I had a professor who always said that when we see a “therefore,” we need to find out what it’s “there for.” Prior to today’s gospel was a dialogue with a man from the crowd, which led to Jesus’ parable of the rich fool. Our first verse summarizes the gist of Jesus’ teaching. First of all, he tells the disciples to not worry about food and clothing. It’s not like the old saying, “Don’t worry. Be happy” because there is good reason to be happy—the loving care of God.
If one is worrying and fearf…

Birds and Flowers

Here are some thoughts on the gospel for the second Sunday of Creation, Animal Sunday, that were sent to the people of St. Timothy Lutheran Church. What is your take on this passage? I'm inviting you into conversation with me about this. Feel free to comment.


Luke 12:22-31 22He said to his disciples, “Therefore I tell you, do not worry about your life, what you will eat, or about your body, what you will wear. 23For life is more than food, and the body more than clothing. 24Consider the ravens: they neither sow nor reap, they have neither storehouse nor barn, and yet God feeds them. Of how much more value are you than the birds! 25And can any of you by worrying add a single hour to your span of life? 26If then you are not able to do so small a thing as that, why do you worry about the rest? 27Consider the lilies, how they grow: they neither toil nor spin; yet I tell you, even Solomon in all his glory was not clothed like one of these. 28But if God so clothes the grass of the field, …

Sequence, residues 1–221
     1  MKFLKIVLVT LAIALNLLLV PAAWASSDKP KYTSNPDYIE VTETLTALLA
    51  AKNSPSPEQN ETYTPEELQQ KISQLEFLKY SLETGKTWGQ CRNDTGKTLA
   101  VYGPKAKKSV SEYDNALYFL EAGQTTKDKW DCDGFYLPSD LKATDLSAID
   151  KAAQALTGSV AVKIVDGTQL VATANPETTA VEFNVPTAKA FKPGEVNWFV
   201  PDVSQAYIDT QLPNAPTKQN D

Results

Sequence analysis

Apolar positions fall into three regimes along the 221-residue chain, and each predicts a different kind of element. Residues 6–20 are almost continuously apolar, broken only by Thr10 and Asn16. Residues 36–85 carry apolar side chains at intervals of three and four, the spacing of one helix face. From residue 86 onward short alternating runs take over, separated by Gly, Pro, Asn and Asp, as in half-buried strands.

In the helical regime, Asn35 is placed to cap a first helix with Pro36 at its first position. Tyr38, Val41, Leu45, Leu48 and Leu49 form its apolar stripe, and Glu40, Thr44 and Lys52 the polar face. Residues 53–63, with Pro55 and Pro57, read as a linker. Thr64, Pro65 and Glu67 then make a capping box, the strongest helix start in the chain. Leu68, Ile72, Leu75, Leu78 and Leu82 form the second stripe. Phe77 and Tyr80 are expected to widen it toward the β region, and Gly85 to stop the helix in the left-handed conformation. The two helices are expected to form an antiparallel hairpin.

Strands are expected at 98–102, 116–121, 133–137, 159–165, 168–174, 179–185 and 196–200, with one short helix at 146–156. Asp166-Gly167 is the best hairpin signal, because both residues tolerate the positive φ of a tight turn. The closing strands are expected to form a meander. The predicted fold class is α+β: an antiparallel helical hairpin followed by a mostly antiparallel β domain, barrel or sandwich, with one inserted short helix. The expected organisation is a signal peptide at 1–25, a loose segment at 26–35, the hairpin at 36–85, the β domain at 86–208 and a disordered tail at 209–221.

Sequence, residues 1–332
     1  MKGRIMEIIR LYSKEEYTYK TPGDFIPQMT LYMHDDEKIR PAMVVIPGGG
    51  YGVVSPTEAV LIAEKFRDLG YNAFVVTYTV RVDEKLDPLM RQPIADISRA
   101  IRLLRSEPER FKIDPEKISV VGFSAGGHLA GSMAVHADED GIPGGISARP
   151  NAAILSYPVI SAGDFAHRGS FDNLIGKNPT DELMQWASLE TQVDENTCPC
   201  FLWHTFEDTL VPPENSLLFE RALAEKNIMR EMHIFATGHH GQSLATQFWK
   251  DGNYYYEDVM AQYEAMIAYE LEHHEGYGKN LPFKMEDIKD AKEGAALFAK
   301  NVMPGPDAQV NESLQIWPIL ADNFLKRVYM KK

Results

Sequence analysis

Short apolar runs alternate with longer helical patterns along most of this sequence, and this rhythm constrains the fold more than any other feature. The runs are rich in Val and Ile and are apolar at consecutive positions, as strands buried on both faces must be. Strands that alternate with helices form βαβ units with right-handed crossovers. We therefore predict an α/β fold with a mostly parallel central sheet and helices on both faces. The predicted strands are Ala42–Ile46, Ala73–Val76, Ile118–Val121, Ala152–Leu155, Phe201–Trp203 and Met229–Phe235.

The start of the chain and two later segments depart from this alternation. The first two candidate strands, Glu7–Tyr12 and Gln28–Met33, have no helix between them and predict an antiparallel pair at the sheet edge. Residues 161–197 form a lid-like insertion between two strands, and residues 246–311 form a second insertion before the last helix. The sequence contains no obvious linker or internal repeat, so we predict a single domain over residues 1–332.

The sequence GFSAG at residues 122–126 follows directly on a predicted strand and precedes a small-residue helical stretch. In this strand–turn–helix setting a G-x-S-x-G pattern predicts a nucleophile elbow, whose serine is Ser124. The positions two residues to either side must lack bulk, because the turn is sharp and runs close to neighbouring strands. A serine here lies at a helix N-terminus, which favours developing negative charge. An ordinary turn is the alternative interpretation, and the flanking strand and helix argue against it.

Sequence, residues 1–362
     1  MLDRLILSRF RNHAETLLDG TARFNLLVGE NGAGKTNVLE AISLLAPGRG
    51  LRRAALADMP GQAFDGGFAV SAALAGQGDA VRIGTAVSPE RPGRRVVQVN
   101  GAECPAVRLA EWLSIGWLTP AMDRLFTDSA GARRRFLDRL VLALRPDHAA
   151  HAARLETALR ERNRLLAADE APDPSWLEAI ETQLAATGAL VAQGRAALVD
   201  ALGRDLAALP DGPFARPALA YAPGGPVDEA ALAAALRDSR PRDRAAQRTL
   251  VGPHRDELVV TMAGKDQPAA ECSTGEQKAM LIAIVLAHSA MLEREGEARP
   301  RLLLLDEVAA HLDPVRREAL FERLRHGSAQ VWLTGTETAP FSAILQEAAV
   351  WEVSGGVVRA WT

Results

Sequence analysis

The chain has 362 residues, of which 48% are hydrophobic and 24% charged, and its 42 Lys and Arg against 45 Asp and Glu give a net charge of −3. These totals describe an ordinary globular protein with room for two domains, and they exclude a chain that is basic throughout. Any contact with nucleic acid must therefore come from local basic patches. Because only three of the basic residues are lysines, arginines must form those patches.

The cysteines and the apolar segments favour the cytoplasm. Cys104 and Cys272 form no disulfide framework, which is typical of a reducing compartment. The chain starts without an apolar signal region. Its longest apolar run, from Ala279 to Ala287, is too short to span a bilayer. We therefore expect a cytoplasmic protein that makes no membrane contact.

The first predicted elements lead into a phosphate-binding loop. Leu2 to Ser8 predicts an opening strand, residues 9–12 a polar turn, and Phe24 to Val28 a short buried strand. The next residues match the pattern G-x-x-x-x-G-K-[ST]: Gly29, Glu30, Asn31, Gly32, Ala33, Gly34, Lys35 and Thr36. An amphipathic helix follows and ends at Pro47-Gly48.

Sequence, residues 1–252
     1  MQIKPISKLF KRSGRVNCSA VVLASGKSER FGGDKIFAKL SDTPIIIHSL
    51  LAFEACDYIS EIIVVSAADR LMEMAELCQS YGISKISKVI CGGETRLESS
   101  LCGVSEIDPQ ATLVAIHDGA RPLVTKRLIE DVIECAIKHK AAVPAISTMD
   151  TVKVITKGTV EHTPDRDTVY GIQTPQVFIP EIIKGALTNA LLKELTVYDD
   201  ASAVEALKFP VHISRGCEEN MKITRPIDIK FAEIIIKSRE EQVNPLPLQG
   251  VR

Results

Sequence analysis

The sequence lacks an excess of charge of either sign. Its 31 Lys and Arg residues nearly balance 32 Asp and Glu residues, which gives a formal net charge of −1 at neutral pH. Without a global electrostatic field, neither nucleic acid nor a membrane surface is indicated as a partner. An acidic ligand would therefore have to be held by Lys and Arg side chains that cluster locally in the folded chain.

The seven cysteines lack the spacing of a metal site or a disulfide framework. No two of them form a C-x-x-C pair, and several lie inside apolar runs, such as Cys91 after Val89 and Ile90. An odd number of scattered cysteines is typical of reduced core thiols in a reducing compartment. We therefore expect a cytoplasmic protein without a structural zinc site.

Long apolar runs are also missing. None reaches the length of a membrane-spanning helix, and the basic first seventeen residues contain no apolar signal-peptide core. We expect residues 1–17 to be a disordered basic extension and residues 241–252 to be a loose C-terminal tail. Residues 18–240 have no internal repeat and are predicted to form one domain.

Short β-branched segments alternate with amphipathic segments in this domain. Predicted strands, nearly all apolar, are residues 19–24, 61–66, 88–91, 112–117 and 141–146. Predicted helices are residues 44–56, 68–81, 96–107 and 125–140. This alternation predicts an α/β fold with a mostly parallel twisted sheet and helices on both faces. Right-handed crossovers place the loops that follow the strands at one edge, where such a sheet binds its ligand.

Whatever!

This is the sermon I preached for Ocean Sunday, the first Sunday in the Season of Creation C at St. Timothy Lutheran Church. The text was Luke 5:1-11.
I love the Sea of Galilee, which is just a small lake, not an awful lot bigger than Chautauqua. I have fond memories of vacations there as a family when the kids were small. The area was so much greener and lusher than the desert of Bethlehem, where we lived. We could relax on various beaches with little to no other people and just play in the clean, beautiful water. I enjoy the stories of Jesus, like today’s, that take place on or near that lovely lake.
The first three verses of our gospel set the stage for all that follows. Jesus’ growing reputation has resulted in a crowd. There were so many “pressing in on him” that Jesus needed a boat as a place from which to teach, the water providing a natural amphitheater for sound. And so we find the elements of Earth become Jesus’ teaching partner.